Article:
It may be that many of the problems prevalent in 1949 will remain in 1950. It had been hoped (in some quarters it had even been prophesied) that before the old year was out some of the restrictions on the home market would have been relaxed. But it was not to be. Exhortations to export more and more came regularly from the Board of Trade and the Chancellor of the Exchequer. Devaluation brought renewed and inten­sified demands. Generally speaking, potters and glassmakers responded loyally to the call, while the great majority of retailers, with admirable and patient fortitude, sighed, shrugged their shoulders and prepared themselves for yet another period of trading with drab-looking shelves and showcases. They have had to put up with much. They sometimes grumble, but they undoubtedly understand.

The prospects for 1950 are not easy to assess. Mr. Harold Wilson's report on his return from his American trip does not indicate any early relaxation of restrictions on the sale of decorated ware at home.

“BEEFS” FOR LUNCH

We have seen a circular which has apparently been distributed in this country by a Canadian contemporary, The Gift Buyer. It bears the droll title: “We Get Canadian 'Beefs' for Lunch.” With customary North American vigour, it tells of a speech made at a luncheon table by an anonymous Canadian distributor of pottery and glass, In effect, the circular hits at British pottery manu­facturers in general, and at an un-named one in particular.

When one has sorted the wheat from the chaff, it is found that the un-named British manufacturer will be eight months behind with his delivery schedule this month. The Gift Buyer remarks that the Canadian organisation is “fed-to-the-teeth with having to put up with what they consider to be 'Business Nonsense'.”

Adding fuel to the fire, the circular mentions a letter alleged to have been received from the British potter. We quote:

“Yesterday (October 31) he (the Canadian speaker) got a letter from the same factory (believe it or not!) which now tells him that the wares won't be here for Christmas, but if all goes well ('and you must understand the terrific difficulties the potteries are working under at this time ') the distributor will probably get his shipments some time in January.”

If the original intention was to circulate this story in Canada only, it seems a sure way of under­mining confidence in British pottery there, particularly when it opens with a reference to “Alien pottery, back stamped 'U.S. Occupied Territory'.” Canadian readers of this Journal are kept well informed of the true situation here in the British potteries. We are producing to capacity, and as more and more mechanisation is introduced production will rise in proportion. Agitation in the form of literature which pours scorn and imprecations on the hard-working pottery manufacturer and his operatives in Britain is not helpful. The speaker at the luncheon quoted should come to Britain and see the situation for himself. Potters would welcome the opportunity to show him round and if he turns up on the right day he may get real beef for lunch.
Frank A.
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Offline nigel benson

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Re: Stevens and Williams or what...........
« Reply #7 on: April 08, 2007, 12:38:39 PM »
Hello,

Fair point Bernard, by putting 1950's, I was indicating that there was a progression between pre and post-war production that would have included a short period within the late 1940's. The evidence for this continuation of "Rainbow" ware was found by Jeanette Hayhurst some years ago and was particularly relevant if exhibiting at the NEC when it had a 1940 dateline for glass (it's currently 1950).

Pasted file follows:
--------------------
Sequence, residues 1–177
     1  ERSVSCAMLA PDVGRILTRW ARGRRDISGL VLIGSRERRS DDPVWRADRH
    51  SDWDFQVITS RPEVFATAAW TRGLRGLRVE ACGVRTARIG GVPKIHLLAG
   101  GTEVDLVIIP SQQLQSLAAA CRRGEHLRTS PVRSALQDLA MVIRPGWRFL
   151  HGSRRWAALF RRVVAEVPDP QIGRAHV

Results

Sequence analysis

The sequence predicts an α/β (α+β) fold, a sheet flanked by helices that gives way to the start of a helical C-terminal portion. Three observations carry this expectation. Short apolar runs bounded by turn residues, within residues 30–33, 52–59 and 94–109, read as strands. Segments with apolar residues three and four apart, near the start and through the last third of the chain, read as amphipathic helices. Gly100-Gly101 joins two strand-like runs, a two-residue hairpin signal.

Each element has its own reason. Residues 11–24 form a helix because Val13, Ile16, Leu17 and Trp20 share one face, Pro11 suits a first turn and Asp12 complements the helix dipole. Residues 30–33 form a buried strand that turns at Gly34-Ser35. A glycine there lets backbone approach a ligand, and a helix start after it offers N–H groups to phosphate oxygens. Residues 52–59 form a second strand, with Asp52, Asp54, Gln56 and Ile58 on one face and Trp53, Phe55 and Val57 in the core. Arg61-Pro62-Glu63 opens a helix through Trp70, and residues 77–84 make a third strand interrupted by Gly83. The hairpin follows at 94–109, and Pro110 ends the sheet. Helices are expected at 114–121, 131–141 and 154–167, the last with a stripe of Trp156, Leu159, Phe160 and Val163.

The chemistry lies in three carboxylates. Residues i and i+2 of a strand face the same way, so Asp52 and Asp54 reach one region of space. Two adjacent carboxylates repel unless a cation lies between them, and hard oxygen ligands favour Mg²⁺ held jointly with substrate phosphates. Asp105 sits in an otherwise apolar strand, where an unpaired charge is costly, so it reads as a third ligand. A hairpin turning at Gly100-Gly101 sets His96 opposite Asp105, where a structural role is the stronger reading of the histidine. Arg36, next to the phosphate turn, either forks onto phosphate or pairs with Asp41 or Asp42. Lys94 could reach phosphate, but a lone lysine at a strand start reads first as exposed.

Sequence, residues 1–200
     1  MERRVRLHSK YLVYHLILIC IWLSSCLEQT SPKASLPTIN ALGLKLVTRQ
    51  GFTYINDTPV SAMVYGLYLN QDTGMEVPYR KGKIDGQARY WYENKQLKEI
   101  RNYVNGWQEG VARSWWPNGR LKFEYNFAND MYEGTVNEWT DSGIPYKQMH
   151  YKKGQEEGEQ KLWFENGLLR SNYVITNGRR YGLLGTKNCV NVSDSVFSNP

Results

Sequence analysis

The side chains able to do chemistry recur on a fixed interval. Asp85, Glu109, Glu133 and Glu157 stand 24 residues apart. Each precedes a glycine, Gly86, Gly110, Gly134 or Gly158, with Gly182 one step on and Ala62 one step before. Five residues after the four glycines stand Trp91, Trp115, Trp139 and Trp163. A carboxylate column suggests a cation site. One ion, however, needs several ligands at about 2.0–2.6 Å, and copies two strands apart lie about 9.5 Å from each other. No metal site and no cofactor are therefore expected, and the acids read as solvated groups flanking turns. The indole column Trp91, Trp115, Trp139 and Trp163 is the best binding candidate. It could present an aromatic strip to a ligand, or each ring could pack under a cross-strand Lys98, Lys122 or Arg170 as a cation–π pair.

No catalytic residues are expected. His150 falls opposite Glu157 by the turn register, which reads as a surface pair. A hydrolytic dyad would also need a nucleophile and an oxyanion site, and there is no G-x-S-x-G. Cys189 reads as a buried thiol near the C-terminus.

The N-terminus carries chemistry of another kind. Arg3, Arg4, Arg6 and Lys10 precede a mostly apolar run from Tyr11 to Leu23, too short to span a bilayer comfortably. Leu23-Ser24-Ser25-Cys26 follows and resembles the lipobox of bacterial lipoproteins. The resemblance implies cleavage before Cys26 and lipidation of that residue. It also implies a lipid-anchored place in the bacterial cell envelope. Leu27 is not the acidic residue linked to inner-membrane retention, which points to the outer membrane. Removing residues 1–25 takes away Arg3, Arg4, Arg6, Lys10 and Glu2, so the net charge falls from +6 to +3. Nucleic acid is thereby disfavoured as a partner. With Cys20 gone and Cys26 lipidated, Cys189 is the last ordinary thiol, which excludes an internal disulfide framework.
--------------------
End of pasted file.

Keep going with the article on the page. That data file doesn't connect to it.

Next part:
As for the pontil finishing. Since you have described the pontil as re-shaped I am assuming that you are referring to a wide, well polished, concave pontil that covers virtually the whole of the base?

There seems to be some consistancy as to the type of pontil that is used for a given series of wares, however, just as with other manufacturers, there are idiosyncracies that have, to date, not been explained. Your hypothosis that there may have been a particular finish for the more pricey items may well be right, but, since there have not been enough items placed together to give this credance, it is difficult to make any positive conclusion.

For instance, I have just bought a Keith Murray designed decanter by Royal Brierley that has a flat base. It is likely that this would have been an expensive item, but it doesn't have the 'deluxe'/ re-shaped pontil that you refer to. Most likely this would be because the flat base was more apt for the item in question.

The same variations between standard pontil, wide pontil, concave pontil covering the base, and flat base, occur across cut glass by S&W/RB. Standard and wide pontils occur within the art glass ranges, with occasional use of the style I have assumed you are referring to, which cover most of the base. Perhaps, at this stage, it is unwise to make any hard and fast 'rule(s)-of-thumb' concerning the finishing of S&W/RB's work, rather take note that a number of finishes were employed - making it a joy (or a chore) to diagnose!!

Nigel



Offline Bernard C

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Re: Stevens and Williams or what...........
« Reply #8 on: September 10, 2011, 05:12:00 PM »
See topic Stevens & Williams Vase? for further discussion and images of several types of the S&W/RB Rainbow range, including both horizontally and vertically (ribbed) optic moulded examples.

Bernard C.  8)
Text and Images Copyright 200414 Bernard Cavalot


Offline flying free

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Re: Stevens and Williams or what...........
« Reply #9 on: June 25, 2012, 05:58:22 PM »
Did Stevens and Williams do a rainbow effect vase with bubbles please?
many thanks
m